The worlds of a young Canadian immigrant, an Italian pasta-making family, and a 70-year-old survivor of the Armenian Genocide converge in this story of the San Francisco Treat.
A Canadian women (Lois DeDomenico) marries an Italian immigrant (Thomas DeDomenico) whose family started Golden Grain Macaroni in San Francisco. Just after WWII the newlyweds rent a room from an old Armenian woman (Pailadzo Captanian) who teaches the young pregnant 18 year old woman how to cook.  Yogurt, baklava, pilaf… After about 4 months the young couple move into their own place. A few years later, Lois' brother-in-law is eating over at her house— looks down at the pilaf on his plate and pronounces: “This would be good in a box.” Prepared and packaged foods are just beginning to come on strong. They name it Rice A Roni.
During those hours in the kitchen the old Armenian woman cooks and tells the younger women the story of her life — her forced trek from Turkey to Syria, leaving her two young sons with a Greek Family, her husband's murder, the birth of her baby along the way (his name means child of pain), the story of the genocide. Mrs. Captanian shows Lois a book she wrote in 1919, directly after her experiences—one of the only eye-witness accounts written at the time. Most were published 30-40 years later by survivors. This one was published in 1919 for the Paris Peace Talks in hopes that it would help provide context for the establishment of an Armenian state.

14 Jenny: Is My Boyfriend Gay?

From The Mortified Podcast | 19:08

Super creepy cat-eye contact lenses FTW.

14_jenny_thumbnail_prx_small The diaries of a high school girl whose first boyfriend is clearly gay. To learn more about Mortified visit getmortified.com.  The Mortified Podcast is a proud member of Radiotopia from PRX.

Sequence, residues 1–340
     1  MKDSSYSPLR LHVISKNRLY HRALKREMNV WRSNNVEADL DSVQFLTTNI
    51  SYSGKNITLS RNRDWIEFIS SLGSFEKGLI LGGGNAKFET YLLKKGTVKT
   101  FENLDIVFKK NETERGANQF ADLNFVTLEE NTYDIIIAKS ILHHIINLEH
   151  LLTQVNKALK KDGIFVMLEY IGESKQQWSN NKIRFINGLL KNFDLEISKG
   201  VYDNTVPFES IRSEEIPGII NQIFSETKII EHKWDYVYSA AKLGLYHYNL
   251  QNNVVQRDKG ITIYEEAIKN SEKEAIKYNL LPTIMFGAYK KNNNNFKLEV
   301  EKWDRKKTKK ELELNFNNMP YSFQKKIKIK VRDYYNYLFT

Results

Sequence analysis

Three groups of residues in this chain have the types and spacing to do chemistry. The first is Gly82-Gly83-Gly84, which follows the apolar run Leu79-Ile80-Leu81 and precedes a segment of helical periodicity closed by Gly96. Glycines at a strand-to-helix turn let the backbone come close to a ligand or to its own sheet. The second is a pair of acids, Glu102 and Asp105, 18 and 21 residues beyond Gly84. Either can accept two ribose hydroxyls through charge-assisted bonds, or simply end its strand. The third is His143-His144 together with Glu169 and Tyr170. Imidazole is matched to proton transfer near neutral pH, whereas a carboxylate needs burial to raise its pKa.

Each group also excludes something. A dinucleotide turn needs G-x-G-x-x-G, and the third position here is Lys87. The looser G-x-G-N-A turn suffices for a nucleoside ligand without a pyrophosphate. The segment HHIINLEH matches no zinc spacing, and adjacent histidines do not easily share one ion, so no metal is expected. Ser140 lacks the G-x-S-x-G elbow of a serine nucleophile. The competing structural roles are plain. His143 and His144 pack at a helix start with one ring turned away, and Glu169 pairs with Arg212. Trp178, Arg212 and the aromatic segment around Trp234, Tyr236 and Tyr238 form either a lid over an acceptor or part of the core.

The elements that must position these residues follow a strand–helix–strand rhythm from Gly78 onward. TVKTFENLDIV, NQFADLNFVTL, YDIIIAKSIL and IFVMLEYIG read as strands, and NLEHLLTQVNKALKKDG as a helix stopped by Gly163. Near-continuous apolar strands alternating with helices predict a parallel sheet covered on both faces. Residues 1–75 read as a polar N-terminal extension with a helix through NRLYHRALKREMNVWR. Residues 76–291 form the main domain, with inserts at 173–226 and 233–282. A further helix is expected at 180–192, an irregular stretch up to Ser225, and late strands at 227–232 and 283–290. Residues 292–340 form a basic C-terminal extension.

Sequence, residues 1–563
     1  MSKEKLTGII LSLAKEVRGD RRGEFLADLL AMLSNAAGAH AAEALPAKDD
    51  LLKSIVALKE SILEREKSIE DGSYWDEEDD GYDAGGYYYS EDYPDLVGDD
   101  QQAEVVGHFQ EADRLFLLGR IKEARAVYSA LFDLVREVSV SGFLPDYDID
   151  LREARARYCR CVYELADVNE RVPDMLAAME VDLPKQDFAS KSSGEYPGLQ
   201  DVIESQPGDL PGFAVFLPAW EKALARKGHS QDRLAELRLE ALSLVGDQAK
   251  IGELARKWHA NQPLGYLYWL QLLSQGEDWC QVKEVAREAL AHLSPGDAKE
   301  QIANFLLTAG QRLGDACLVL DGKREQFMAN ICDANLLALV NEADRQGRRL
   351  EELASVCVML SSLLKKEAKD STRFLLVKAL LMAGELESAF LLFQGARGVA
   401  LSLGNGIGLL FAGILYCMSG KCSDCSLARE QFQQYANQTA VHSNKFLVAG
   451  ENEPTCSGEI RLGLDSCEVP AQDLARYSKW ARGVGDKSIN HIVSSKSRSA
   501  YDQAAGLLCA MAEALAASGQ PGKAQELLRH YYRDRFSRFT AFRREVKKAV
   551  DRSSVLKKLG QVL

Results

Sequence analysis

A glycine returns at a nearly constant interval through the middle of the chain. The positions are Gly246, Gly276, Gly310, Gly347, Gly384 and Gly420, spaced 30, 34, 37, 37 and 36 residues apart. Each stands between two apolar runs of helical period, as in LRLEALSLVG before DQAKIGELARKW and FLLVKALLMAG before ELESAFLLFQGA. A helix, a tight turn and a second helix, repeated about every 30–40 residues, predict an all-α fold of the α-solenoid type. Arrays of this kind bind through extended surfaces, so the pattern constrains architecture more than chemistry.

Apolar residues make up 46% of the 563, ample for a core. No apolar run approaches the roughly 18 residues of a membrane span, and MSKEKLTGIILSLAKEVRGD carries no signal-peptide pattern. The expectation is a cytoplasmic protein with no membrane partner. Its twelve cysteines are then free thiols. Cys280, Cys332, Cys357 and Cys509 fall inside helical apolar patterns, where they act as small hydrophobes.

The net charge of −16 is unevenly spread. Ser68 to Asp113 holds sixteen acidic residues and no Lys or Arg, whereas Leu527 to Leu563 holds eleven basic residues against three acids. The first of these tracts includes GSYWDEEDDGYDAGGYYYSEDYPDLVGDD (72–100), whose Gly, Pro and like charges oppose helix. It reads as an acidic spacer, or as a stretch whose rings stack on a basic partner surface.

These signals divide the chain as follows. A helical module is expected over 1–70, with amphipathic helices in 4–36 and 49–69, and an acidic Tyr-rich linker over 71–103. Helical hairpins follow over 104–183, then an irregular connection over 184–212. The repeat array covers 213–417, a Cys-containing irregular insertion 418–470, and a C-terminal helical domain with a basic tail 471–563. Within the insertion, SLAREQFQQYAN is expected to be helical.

Ornette Coleman: The Shape of Jazz to Come

From Devon Strolovitch | Part of the Inside the National Recording Registry series | 04:46

RIP Ornette. Here's a short, sweet recording of Ornette's son on his father's groundbreaking album "The Shape of Jazz to Come."

Ornette-coleman-the-shape-of-jazz-to-come-1959-180-grs_small Ornette Coleman was one of the architects of free jazz, a form that broke from conventions of soloing over chords (known to musicians as “playing the changes”) that had carried from Dixieland into bebop. With Coleman’s strong melodic sense, the collective improvisation doesn’t feel chaotic. “When you’re improvising, listening to the other players, that’s occurring on such a deep level that it’s almost impossible to describe,” says Sonny Rollins, one of the great sax players of the era. On The Shape of Jazz to Come, with Don Cherry on cornet, Charlie Haden on bass, and Billy Higgins on drums, Coleman set a high bar for spontaneous invention.

For many fans, though, free jazz — Coleman’s music, Eric Dolphy’s, Albert Ayler’s — was a rupture in the tradition that bordered on heresy. “It may be hard to imagine today, but back then it was a much different society,” says Denardo Coleman, the son of and sometimes the drummer for Ornette. “When you talk about going against the grain or going against the wave, you were going against a tidal wave.”

Encounters Octopus

From Encounters: Radio Experiences in the North | 28:57

Happy #CephalopodWeek!

Eleven_small Elizabeth Arnold finds Alaska's biggest octopii enthusiast who is studying this eight armed fascination. Head down below the ocean's surface to hear HOW octopus studying is creative and tricky business.

#6 Amy Schumer

From How To Be Amazing | Part of the How To Be Amazing series | 01:00:12

Amy Schumer...is perfect.

Amazing-alternate-finalrevision_-_everywhere_medium_small Michael sits down with his friend and fellow comedian, Amy Schumer to discuss her years trying to make it in stand-up, how she made her hit Comedy Central show Inside Amy Schumer, and her upcoming film with Judd Apatow, Trainwreck.

Remembering "I Have a Dream"

From Rebecca Sheir | 05:41

As we remember civil rights leader Julian Bond, hear his remembrances of "I Have A Dream" from 1963.

_01 Rebecca Sheir talks with Washington, D.C., locals -- including the now-late activist/politician/professor Julian Bond -- about how it felt watching Dr. King's "I Have a Dream" speech, live, at the Lincoln Memorial on August 28, 1963.